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Reader question: Do foreigners have to do military service in Switzerland?

Helena Bachmann
Helena Bachmann - [email protected]
Reader question: Do foreigners have to do military service in Switzerland?
Members of the Swiss army. Photo by FABRICE COFFRINI / POOL / AFP

Swiss authorities want foreign nationals who live in the country to be well integrated. But does this mean they have to serve in the armed forces?


Even though it has never been tested in battle, the military has a long tradition in neutral Switzerland, stretching far beyond the army knives.

All able-bodied Swiss men from the age of 18 until 30 are required to serve in the armed forces or in its alternative, the civilian service. 

The way it works is that all Swiss men receive a summons the year they turn 18 to attend an information day on basic training and the military service.

According to the official government site, "on this day, conscripts decide when they will be doing their basic training".

They must be recruited at the earliest the year they turn 19 and at the latest the year they turn 24.

"The recruitment process takes two to three days. A doctor determines whether you are fit to serve in the military. Those who are found fit to serve go on to attend an assignment interview based on which they are assigned the function they will be trained in at basic training."

Afterwards, soldiers must attend six three-week refresher courses for nine years; on the 10th year, they are discharged from military duty.

This is mandatory for all Swiss men, unless they have been deemed unfit to serve because of health or other issues.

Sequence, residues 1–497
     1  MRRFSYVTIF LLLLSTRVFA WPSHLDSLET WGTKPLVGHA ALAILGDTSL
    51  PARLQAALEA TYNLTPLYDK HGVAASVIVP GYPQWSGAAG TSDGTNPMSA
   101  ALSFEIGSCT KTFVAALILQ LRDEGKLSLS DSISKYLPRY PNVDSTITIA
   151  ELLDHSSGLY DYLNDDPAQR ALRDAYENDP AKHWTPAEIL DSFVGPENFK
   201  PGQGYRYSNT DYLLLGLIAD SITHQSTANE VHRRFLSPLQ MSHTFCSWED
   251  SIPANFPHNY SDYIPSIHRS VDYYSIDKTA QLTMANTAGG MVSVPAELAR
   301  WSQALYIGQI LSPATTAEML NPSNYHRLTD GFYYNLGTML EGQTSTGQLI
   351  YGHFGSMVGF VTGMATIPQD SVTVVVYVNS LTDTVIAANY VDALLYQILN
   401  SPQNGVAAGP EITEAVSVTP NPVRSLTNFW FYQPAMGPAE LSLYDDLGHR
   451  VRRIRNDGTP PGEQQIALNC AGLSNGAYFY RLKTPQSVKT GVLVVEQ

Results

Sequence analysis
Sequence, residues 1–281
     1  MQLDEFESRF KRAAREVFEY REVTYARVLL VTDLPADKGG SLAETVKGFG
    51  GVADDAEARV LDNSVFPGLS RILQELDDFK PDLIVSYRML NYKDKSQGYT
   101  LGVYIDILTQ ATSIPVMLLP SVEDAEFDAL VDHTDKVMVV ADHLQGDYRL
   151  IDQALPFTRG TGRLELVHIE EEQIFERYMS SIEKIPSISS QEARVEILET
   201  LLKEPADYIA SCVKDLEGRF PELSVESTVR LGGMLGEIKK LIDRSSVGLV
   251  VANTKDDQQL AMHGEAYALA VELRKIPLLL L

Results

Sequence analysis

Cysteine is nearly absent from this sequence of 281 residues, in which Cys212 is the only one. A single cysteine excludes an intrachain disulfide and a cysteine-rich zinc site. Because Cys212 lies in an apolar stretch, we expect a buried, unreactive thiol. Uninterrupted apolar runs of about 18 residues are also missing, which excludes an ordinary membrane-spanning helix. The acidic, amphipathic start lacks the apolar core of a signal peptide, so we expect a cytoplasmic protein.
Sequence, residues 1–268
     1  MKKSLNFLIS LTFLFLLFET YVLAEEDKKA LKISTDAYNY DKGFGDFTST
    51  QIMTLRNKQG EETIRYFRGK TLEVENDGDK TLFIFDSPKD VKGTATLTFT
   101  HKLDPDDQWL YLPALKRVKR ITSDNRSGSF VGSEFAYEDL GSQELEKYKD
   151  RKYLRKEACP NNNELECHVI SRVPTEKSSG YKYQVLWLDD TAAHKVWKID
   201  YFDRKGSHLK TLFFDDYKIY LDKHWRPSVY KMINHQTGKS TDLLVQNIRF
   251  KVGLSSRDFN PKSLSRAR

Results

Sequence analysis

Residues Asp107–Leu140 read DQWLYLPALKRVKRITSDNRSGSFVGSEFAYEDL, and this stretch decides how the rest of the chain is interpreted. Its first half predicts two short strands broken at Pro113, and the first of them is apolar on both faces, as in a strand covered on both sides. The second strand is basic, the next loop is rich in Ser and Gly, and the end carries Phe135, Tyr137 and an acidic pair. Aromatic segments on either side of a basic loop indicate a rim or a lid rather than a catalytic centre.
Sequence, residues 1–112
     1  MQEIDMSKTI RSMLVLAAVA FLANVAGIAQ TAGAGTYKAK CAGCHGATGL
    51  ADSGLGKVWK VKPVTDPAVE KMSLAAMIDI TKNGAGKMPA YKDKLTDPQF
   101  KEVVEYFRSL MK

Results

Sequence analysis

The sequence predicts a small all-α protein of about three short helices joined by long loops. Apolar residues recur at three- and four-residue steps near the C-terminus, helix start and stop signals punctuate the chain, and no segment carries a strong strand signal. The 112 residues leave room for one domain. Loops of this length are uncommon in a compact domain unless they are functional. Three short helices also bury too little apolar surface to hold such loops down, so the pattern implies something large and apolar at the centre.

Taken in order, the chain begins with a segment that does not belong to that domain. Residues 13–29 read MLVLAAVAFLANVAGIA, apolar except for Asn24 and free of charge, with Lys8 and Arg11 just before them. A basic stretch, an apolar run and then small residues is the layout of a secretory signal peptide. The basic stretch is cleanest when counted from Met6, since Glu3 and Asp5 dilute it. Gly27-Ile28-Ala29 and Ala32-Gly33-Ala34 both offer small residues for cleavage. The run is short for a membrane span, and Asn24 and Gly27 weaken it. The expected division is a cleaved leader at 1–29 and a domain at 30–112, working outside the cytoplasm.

The key word here is ‘Swiss’ — so does this mean that foreigners are exempted from this duty?

The answer is ‘yes’, they are exempted — but there are nuances.


Who exactly is ‘Swiss’, anyway?

If you have been living in Switzerland and following ongoing debates about foreigners and naturalisations, then you know this issue is not only complex, but that it also sometimes causes confusion.

For instance, if you have immigrated to Switzerland but have since been naturalised, then you are considered Swiss and, therefore, must serve in the military — even though you may retain your former nationality as well.

A Swiss flag

Photo by Fabrice COFFRINI / AFP

There is, however, one exception: the obligation to serve will be waved, provided you can show that you have fulfilled your military duties in your other home country.

This obviously applies only if you are of ‘military age’ (as mentioned above); if you are over 30, then you are exempted.

On the other hand, the military obligation doesn’t apply to young men who were born in and have always lived in Switzerland, but who don’t have a Swiss citizenship.

These are the so-called second and third-generation ‘foreigners’.

Unlike many other countries, being born in Switzerland doesn’t automatically mean the person is Swiss.


If their parents were born abroad and still hold foreign passports, a person will not obtain Swiss citizenship at birth. 

Even though they were born in Switzerland and may consider themselves to be Swiss, they have the same nationality as their parents and will continue to be considered as foreigners – until and unless they become naturalised.

READ ALSO: Why so few third-generation Swiss are actually 'Swiss'?

So an obvious paradox here is that people born abroad but who are naturalised serve in the Swiss military, while those born in Switzerland but who still hold foreign passports don’t.

In the eyes of the law, the former are more ‘Swiss’ than the latter.


What about foreign women?

There isn't compulsory conscription for women, but they can choose to join, provided they are, like their male counterparts, Swiss.

Do the same rules pertain to the civilian service?

This alternative to compulsory military service is an option for those who must perform military service but have a ‘conflict of conscience’. 

It, too, is for Swiss citizens only.


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